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VA Reports Fall in Privacy Breach Victims in December

The Department of Veteran Affairs has released its monthly report to congress summarizing the information security incidents suffered by VA hospitals and clinics in December 2015.

December 2015 VA Information Security Report

September 2015 was a bad month for the Department of Veteran Affairs (VA), with 1,135 veterans affected by privacy breaches. The total fell substantially in October 2015, with 648 affected veterans, although that figure rose to 693 in November. The figures for December 2015 show a marked improvement month on month with only 394 veterans affected. That makes December the best month for the VA since March 2015, and the fourth best month of the year for privacy violations in terms of the number of individuals affected.

While the victim count improved last month, the number of privacy and security incidents suffered actually increased.

Fewer Lost PIV Cards but More Mishandled and Mis-mailed Incidents

The number of lost and stolen device incidents was unchanged month on month, with 47 incidents reported in both November and December. December saw the number of lost PIV cards decrease by 16%, from 156 incidents in November to 131 incidents in December.

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However, there was a 17% increase in the number of mishandled incidents, jumping from 64 in November to 78 in December. Mis-mailed incidents also increased, jumping from 114 in November to 169 in December; an increase of 48% month on month.

There was a small increase in the number of pharmacy mis-mailings. 3 incidents were reported in December compared to just the one incident in November.

December information security incidents required 181 breach notification letters to be mailed to veterans, and 213 veterans were offered credit protection services to mitigate the risk of financial harm as a result of the exposure of their personal information.

VA Privacy and Security Incidents Reported in December 2015


Many of the incidents reported were relatively minor involving the personal information of one veteran being disclosed to another individual in error. The sending of a prescription to an incorrect patient for example. In December, the number of mis-mailed incidents of this nature was relatively low, with just three reported errors of this nature out of 6,991,142 packages sent.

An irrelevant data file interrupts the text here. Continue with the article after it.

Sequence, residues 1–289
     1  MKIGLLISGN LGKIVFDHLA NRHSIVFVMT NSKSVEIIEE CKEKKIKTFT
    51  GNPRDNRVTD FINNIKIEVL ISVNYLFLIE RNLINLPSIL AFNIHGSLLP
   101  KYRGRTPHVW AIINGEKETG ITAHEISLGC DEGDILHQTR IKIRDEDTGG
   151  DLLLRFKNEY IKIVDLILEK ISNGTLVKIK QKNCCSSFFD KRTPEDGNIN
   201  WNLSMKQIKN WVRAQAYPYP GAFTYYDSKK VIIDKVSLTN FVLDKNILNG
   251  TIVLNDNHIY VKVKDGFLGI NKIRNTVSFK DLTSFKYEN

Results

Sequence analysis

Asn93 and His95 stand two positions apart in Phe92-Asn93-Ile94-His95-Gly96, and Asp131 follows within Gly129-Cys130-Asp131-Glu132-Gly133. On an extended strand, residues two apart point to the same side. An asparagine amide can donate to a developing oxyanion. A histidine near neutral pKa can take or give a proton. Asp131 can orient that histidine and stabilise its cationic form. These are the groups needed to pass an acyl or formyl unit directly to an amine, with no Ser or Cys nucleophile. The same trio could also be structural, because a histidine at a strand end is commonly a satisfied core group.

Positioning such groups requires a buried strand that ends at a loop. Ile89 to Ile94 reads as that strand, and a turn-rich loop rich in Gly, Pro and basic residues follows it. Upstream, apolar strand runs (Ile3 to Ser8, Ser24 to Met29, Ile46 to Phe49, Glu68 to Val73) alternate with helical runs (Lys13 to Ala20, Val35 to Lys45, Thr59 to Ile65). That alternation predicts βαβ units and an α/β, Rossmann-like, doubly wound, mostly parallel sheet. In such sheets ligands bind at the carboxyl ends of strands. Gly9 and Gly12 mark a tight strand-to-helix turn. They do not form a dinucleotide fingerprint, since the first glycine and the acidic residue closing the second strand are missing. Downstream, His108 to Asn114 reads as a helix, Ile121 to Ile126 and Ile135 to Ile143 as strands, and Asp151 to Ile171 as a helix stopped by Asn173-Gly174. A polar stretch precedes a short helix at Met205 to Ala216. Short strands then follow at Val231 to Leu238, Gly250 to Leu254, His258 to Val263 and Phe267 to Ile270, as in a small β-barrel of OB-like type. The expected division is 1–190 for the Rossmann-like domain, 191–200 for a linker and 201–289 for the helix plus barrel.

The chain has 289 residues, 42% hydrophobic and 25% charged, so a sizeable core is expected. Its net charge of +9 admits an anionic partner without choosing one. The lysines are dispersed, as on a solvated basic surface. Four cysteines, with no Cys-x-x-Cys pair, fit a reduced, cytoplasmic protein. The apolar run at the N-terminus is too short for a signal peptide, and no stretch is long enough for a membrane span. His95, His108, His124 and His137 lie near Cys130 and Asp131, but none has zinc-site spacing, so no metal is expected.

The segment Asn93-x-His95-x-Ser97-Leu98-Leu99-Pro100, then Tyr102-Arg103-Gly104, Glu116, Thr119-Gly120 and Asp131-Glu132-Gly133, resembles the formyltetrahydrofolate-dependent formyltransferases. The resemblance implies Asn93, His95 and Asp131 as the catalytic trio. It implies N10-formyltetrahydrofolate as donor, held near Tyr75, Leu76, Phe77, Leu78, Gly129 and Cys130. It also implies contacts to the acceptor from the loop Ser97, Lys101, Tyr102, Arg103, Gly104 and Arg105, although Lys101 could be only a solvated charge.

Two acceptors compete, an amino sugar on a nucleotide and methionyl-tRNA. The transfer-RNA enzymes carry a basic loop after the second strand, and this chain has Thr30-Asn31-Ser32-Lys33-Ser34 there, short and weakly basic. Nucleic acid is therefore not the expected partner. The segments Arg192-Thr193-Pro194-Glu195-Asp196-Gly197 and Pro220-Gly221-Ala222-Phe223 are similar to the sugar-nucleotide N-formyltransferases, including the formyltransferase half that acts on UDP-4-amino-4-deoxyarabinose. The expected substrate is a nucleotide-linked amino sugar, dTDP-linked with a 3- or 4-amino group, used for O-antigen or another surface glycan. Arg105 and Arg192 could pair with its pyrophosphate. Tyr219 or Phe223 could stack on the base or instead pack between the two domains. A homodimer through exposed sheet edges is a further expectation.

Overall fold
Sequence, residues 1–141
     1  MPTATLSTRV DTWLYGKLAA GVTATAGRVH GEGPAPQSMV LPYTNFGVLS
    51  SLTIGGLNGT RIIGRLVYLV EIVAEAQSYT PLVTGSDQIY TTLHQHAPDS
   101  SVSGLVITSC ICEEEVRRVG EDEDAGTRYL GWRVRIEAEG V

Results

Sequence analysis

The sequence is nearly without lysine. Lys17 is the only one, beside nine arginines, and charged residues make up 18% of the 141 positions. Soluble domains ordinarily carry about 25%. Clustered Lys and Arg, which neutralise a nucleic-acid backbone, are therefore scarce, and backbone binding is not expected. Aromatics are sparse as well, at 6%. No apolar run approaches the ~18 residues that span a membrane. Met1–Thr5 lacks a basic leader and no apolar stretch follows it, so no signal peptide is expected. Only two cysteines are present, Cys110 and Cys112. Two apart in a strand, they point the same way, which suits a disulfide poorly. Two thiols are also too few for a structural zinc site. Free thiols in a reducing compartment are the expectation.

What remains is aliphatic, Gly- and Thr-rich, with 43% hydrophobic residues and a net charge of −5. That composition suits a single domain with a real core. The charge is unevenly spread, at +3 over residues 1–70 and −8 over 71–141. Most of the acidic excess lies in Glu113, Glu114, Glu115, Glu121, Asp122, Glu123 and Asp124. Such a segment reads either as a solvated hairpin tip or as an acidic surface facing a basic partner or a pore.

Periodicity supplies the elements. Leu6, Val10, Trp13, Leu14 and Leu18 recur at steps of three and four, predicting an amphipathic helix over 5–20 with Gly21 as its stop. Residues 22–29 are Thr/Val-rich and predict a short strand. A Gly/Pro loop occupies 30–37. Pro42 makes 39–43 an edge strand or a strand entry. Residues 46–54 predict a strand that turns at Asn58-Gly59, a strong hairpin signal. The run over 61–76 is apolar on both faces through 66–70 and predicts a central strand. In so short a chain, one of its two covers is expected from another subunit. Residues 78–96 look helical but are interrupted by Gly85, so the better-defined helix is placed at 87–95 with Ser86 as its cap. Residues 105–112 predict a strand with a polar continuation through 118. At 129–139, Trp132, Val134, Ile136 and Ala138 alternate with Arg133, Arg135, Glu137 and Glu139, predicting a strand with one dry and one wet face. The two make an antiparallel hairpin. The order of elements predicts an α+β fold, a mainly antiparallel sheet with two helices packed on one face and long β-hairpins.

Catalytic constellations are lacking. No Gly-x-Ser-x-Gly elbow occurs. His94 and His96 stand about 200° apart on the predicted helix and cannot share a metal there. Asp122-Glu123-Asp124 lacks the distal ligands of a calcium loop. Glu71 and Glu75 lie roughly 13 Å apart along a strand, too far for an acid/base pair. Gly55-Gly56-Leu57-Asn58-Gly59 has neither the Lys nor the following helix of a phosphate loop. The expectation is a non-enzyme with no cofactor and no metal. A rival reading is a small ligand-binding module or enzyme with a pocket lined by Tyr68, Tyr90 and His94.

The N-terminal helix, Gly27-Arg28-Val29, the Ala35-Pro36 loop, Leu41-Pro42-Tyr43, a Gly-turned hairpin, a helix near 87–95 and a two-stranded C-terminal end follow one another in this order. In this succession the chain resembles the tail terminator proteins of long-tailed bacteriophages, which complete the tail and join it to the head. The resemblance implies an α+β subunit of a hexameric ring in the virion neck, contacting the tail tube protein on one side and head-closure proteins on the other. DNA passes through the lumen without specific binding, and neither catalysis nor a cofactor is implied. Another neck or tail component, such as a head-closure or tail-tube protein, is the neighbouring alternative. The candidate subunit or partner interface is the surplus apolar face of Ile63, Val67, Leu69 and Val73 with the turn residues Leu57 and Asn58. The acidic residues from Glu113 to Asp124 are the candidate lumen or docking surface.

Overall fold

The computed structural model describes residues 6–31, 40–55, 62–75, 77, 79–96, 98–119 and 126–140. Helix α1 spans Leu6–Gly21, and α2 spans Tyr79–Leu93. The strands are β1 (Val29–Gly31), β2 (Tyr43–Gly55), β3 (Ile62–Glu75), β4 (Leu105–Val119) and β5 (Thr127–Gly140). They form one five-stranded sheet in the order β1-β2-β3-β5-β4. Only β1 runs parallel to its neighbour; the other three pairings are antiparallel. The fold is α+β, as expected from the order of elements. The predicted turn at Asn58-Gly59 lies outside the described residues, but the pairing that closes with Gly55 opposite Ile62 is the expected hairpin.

The sending of lab test results to incorrect veterans continues to be a problem. Numerous privacy incidents of this nature are suffered each month. A total of 169 mis-mailed incidents were reported in December involving medical information such as lab test results being sent to incorrect individuals.

78 mishandling incidents were reported, although only one was detailed in the report, which involved a consult being sent to one veteran with the personal information of another veteran.

The most serious privacy violation detailed in the report affected 58 veterans and warranted them being offered credit monitoring services due to the nature of data exposed. The incident occurred on December 7, and involved documents containing veterans’ names, Social Security numbers, dates of birth, and EKG dates being left unprotected at an “old ICU” desk of a Seattle facility by a housekeeping employee. The documents were recovered, but there is no telling whether the information contained in the documents had been accessed during the time that they were left unsecured.

Author: Steve Alder is the editor-in-chief of HIPAA Journal. Steve is responsible for editorial policy regarding the topics covered on HIPAA Journal. He is a specialist on healthcare industry legal and regulatory affairs, and has several years of experience writing about HIPAA and other related legal topics. Steve has developed a deep understanding of regulatory issues surrounding the use of information technology in the healthcare industry and has written hundreds of articles on HIPAA-related topics.